-Next year may prove more challenging
-Notable rise in volatility
-Greenback strength will be the focus, but look for opportunities against Asian EM currencies
"Economic history is a never-ending series of episodes based on falsehoods and lies, not truths. It represents the path to big money. The object is to recognize the trend whose premise is false, ride that trend and step off before it is discredited." ~ George Soros
This time of year is usually filled with forecasts and predictions for the year ahead. Over my career I have noticed that in order to do this most Wall Street economists and strategists just take the preceding trend of the past year and extrapolate it forward another 365 days. It makes sense as it is the safe thing to do. When they are wrong, it doesn’t seem so bad,since everybody else is as well. When right, they look smart.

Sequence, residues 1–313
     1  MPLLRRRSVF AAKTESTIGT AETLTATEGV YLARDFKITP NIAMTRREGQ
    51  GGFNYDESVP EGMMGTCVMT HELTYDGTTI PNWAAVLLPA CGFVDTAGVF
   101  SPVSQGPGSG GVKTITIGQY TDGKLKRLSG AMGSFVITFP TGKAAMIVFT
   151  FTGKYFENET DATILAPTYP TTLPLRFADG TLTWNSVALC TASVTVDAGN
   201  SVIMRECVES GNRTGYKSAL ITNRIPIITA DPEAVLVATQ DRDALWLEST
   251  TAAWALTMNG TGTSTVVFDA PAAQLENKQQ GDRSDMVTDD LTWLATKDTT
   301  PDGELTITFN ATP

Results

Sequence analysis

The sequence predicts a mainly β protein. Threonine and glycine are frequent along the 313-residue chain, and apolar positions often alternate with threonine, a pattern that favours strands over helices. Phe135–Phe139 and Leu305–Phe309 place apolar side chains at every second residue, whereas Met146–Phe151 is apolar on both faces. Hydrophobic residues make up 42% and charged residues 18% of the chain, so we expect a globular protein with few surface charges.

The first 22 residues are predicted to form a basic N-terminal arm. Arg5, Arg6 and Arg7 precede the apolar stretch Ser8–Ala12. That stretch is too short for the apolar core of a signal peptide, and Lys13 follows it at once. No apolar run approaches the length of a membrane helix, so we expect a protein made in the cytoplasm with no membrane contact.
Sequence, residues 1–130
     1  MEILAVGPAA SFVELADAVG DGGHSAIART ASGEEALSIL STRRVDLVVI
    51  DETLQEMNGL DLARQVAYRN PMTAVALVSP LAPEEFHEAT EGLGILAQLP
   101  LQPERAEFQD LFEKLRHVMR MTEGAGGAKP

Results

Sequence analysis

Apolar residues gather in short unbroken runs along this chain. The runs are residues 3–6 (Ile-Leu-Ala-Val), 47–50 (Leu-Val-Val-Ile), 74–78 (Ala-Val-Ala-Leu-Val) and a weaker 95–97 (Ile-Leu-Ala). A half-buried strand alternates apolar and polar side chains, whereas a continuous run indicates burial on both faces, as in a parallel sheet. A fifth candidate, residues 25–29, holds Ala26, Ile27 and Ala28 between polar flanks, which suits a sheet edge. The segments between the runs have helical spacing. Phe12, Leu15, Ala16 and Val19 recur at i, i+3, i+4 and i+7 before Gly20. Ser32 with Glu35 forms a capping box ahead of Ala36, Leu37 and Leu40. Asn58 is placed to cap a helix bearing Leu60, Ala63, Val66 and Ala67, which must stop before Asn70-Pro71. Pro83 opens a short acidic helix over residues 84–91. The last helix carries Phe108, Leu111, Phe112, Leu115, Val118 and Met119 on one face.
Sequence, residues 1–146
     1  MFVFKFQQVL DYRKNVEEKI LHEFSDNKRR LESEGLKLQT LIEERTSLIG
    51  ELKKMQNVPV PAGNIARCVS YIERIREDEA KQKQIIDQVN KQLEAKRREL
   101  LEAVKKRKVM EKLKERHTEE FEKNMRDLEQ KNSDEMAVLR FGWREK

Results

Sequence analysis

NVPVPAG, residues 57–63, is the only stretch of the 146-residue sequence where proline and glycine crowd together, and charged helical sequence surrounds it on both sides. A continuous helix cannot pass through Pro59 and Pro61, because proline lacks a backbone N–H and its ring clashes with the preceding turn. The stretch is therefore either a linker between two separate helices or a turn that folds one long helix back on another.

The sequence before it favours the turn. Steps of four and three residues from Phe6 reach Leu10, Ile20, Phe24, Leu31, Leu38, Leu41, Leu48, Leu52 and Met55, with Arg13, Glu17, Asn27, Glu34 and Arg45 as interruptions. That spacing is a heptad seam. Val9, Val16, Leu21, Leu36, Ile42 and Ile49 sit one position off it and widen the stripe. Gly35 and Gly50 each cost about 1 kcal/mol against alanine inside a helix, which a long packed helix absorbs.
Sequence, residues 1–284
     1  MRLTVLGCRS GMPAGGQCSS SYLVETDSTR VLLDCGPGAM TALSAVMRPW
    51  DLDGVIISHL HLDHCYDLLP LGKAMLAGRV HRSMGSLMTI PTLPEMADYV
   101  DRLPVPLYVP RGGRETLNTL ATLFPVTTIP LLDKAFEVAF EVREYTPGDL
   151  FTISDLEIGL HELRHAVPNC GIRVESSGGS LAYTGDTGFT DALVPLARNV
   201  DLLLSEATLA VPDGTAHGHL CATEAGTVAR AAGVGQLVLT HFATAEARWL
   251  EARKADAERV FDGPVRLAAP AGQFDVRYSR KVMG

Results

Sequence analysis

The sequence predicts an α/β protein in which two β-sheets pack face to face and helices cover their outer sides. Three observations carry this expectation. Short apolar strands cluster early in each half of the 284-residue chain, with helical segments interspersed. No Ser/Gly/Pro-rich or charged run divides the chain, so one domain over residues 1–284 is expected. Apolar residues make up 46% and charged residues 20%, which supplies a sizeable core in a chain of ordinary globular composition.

This year so far is proving to be no different. After a 25% run up in US equity markets over the past year strategists are tripping over themselves to slap targets some 15% + higher on the S&P 500 and Dow for 2014.
We don’t think next year will be so easy and we expect a bit more two-way action in the indices – at a minimum. There are numerous reasons why the equity markets look a lot more precarious now than this time last year. Margin debt and sentiment, for instance, recently reached higher levels than those seen at the peaks in 2000 and 2007. This reeks of complacency.
These, however, are really just symptoms of the greater problem of policy and its overriding impact on the stock market. What happens when the market begins to seriously question this influence - or worse, sees through it? Similar episodes in the last decade suggest it will not end well.
We think 2014 might just be the year that the investment world begins to question the not so invisible hands of our central banking authorities. In such an environment, volatility should rise markedly with indices undergoing a decline of at least 10% at some point during the year.
Charts created by Kristian Kerr, Senior Currency Strategist.
From an FX perspective we like the Greenback generally in such an environment, but especially so against Asian EM currencies given their geared link to the current global credit cycle. In the FXCM universe of exchange rates, USD/SGD looks especially attractive even with the involvement of the Singapore Monetary Authority.